Addendum to the Finding of Emergency for the Proposed Emergency Action
Addendum to the finding of emergency for the proposed emergency action for Music Venue Licenses.
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Express Finding of Emergency
The Legislature established a new license in statute that took effect on January 1, 2023, and additional clarity and specificity is required for ABC staff to perform the legislatively mandated tasks of processing, approving, and regulating music venue licensees. The language of the new statute is in part vague and additional clarity, including by defining key terms, would support the issuance and administration of new music venue licenses. Clarification and specificity are necessary to establish guidelines and expectations and to inform current and potential licensees of those requirements. In addition, the proposed emergency regulation will aid ABC staff in establishing statewide consistency with respect to investigations and approvals of applications for music venue licenses already being received.
The Legislature in passing SB 793 established that music entertainment facilities needed their own license type in response to the dire conditions of the industry following the COVID-19 pandemic. This statute was implemented to allow music entertainment facilities to immediately benefit from a new license to avoid the continued grave economic losses that occurred due to the pandemic. ABC has been urgently tasked to issue the new music venue licenses to appropriate venues to relieve the ongoing economic disruption. ABC has already accepted applications for music venue licenses in anticipation of swiftly establishing these proposed regulations and limiting further harm to this struggling industry. Each of the proposed subsections are necessary to implement SB 793 and avoid continued harm occurring in the live music and entertainment industry by issuing the new music venue licenses quickly and uniformly throughout the state.
Section 71(a): This subsection is necessary to define what a “live performance” is pursuant to Business and Professions Code sections 23550 and 23552. Under the new music venue license alcoholic beverages can only be served two hours prior, during, and one hour after a live performance. This term is not otherwise defined in the statute, and during implementation ABC found stakeholders and ABC staff had many differing views as to what constituted a “live performance.” ABC adapted a live performance definition from information given to the department by the National Independent Venue Association.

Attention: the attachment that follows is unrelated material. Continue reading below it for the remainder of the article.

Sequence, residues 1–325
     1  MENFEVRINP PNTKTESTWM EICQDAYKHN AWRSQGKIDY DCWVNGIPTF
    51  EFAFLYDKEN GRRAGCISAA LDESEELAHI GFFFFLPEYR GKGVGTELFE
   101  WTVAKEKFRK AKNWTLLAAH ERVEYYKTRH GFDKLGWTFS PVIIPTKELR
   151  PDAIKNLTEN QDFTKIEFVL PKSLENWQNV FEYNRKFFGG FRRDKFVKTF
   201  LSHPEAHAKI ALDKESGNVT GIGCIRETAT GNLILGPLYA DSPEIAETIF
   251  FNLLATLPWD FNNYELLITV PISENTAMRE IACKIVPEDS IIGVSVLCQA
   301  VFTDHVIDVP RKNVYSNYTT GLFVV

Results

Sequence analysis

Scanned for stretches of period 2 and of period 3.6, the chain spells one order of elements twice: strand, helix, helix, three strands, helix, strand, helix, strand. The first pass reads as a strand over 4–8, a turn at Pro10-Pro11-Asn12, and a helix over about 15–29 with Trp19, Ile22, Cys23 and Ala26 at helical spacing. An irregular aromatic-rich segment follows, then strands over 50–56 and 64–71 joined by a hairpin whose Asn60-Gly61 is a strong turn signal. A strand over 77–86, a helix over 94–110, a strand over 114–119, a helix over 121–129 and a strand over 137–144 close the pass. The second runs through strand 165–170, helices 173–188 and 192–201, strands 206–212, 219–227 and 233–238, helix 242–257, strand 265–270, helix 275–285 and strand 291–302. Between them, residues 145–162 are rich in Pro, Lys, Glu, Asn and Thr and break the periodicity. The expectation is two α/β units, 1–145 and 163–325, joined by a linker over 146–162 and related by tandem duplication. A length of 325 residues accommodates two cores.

Section 72(b): This subsection is necessary to define a “paid ticket or cover charge” that music entertainment facilities must establish for live performances pursuant to Business and Professions Code sections 23550 and 23552. This term is not further defined in statute, and during implementation ABC found stakeholders and ABC staff had many differing views as to what constituted a “paid ticket or cover charge.”
In setting the standard of Title 4 California Code of Regulations section 71(b) which limited music venue licensees from making alcoholic beverages directly or indirectly a part of a cover charge, the Department relied upon the over-arching mandate of the Alcoholic Beverage Control Act to promote temperance in the sale and use of alcoholic beverages. By encouraging or promoting the purchase of alcoholic beverages to enter an entertainment venue it was considered that the statutory requirement of a paid ticket or cover charge could be abused.
However, in consideration of the comments received, ABC recognized that Title 4 California Code of Regulations section 71(b) should be changed to a suggested alternative that would be as effective in discouraging the purchase and consumption of alcoholic beverages while being less burdensome and offering greater flexibility to affected persons than the proposed language. This change allows many existing venues to continue their long-standing practice of applying cover charges to patron purchases made at the venue, including alcoholic beverages, while still protecting the public health, safety, and welfare.
This subsection allows for music venue licensees to apply a paid ticket or cover charge to food, beverages, alcoholic beverages for patrons over 21, or merchandise, while still prohibiting the serving or furnishing of alcoholic beverages to minors. This modified language also makes clear that no cover charge can require alcoholic beverages for those who pay to enter the licensed music entertainment facility.
Sections 72(c)-(e): These subsections are necessary to enforce a standard of review for ABC investigators in determining what constitutes the statutory standards required for a music entertainment facility pursuant to Business and Professions Code sections 23550 and 23552. These subsections are necessary to grant flexibility with respect to the equipment requirements in the bill so that the venue does not have to solely rely only on their own equipment and may allow artists to utilize their own. These subsections also instructs how applicants may meet the statutory requirement of having a defined performance space and defined audience space. Further, these provisions outline how licensees demonstrate adherence to the employment and marketing requirements specific to the license. It is also necessary to inform those who are issued the music venue license that they must continue to abide by the statutory standards through record keeping and keeping their performance space one used only for performances. Without these subsections, music venue licenses cannot be quickly and uniformly issued throughout the state without a prolonged and detailed investigation on a case-by-case basis.